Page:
In this talk at the NYC Lisp meetup, Gerry Sussman was asked why MIT stopped teaching the legendary 6.001 course, which was based on Sussman and Abelson’s classic text The Structure and Interpretation of Computer Programs (SICP). Sussman’s answer was that: (1) he and Hal Abelson got tired of teaching it (having done it since the 1980s). So in 1997, they walked into the department head’s office and said: “We quit. Figure out what to do.” And more importantly, (2) that they felt that the SICP curriculum no longer prepared engineers for what engineering is like today. Sussman said that in the 80s and 90s, engineers built complex systems by combining simple and well-understood parts. The goal of SICP was to provide the abstraction language for reasoning about such systems.
In Fact, Fiction and Forecast, Nelson Goodman revisits Hume’s problem of induction. The problem Hume wrote about in the 18th century is: can we reliably know anything about the future, given experience of the past? Or alternatively, can we produce generalizable knowledge from observations of particulars?
Goodman breezes through a couple of unworkable solutions (or attempts at dissolutions) of Hume’s problem. He then zones in on the core issue: just as deductive inferences are justified if they conform to the rules of logic, Goodman argues that “predictions are justified if they conform to valid canons of induction.” The problem of induction, then, is the problem of defining the valid rules of induction.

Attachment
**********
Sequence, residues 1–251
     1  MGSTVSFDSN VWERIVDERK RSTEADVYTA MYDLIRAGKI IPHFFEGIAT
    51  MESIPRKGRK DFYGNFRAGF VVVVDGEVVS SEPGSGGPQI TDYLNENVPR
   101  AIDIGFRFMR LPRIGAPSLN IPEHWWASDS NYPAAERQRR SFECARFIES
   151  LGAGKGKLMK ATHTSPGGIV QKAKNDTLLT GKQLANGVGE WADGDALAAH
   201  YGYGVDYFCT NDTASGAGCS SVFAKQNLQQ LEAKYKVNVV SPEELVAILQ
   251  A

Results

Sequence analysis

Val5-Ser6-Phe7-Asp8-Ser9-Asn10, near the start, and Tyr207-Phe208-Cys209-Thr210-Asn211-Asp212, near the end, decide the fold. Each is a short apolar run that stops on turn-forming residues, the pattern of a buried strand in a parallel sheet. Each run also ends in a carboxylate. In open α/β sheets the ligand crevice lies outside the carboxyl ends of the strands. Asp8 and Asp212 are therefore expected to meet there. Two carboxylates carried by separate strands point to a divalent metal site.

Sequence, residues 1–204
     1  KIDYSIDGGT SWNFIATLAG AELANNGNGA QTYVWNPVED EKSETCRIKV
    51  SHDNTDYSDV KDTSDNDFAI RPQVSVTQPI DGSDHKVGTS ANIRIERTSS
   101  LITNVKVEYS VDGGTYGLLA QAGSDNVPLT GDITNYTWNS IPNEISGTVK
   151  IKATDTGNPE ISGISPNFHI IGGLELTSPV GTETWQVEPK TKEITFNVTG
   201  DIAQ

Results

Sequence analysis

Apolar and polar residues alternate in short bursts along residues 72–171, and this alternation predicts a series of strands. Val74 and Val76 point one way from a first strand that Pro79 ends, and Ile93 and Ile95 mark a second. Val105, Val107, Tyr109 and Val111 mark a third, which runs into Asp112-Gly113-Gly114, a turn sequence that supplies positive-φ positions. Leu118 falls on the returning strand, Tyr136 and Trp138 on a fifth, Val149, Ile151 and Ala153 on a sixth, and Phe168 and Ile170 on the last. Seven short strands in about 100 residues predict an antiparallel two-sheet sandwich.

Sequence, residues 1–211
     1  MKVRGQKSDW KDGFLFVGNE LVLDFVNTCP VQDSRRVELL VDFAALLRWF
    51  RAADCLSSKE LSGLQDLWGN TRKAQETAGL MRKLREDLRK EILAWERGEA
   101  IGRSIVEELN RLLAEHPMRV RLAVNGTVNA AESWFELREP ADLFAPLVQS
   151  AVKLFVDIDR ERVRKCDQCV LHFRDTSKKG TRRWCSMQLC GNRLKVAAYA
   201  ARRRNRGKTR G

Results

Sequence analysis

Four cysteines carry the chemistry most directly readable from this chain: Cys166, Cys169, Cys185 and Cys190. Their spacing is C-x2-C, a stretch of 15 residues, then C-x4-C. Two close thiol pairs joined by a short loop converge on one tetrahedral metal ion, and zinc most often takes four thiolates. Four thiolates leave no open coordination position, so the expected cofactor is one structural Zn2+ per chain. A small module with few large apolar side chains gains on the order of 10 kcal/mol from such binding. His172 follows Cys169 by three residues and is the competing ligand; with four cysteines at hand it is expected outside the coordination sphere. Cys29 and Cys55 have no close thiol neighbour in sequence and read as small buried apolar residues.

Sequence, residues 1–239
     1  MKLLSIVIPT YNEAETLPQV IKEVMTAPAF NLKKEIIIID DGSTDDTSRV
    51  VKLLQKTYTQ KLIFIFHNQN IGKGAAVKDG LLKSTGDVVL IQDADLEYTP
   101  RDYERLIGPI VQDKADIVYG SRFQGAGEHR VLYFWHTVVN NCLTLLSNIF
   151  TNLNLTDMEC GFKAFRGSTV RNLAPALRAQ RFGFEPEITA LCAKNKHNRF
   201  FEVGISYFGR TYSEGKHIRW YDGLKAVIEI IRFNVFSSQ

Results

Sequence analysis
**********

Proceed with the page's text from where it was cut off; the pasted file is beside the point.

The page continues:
From an interview of Claude Shannon with Robert Price…
Price: And for a long time I was under the misapprehension that you had been a student of Wiener’s [Norbert Wiener] before the war but that was never the case. You were in the same department together, right, and you must have seen each other, but you were never a student?
Shannon: I was a student in one class. I took a course in Fourier analysis.
Price: I see, and where were you?
Shannon: I didn’t have him as a doctoral student.
Price: No, I see. I was under that misapprehension for a while. Fortunately, I corrected that. But then where did you get the idea that information could be modeled, I mean when did you get it? You got it from Wiener, I believe,
Marvin Minsky, MIT professor and artificial intelligence pioneer, passed away last Sunday (January 24, 2016). Minsky is widely celebrated for his diverse scientific contributions to artificial intelligence, computer science, mathematics and even microscopy. Less well known are Minsky’s radical views on education.
Some mathematicians think that learning mathematics is about “reaching the summit and then swiftly burying the path.” Minsky didn’t. He was interested in why mathematics is hard for children to learn and what can be done about it. He thought that the difficulty was partly “caused by starting with the practice and drill of a bunch of skills called Arithmetic”. As a result, “instead of promoting inventiveness, we focus on preventing mistakes.” Some children, frustrated by this negativity, dismiss mathematics as repetitive, boring and punitive.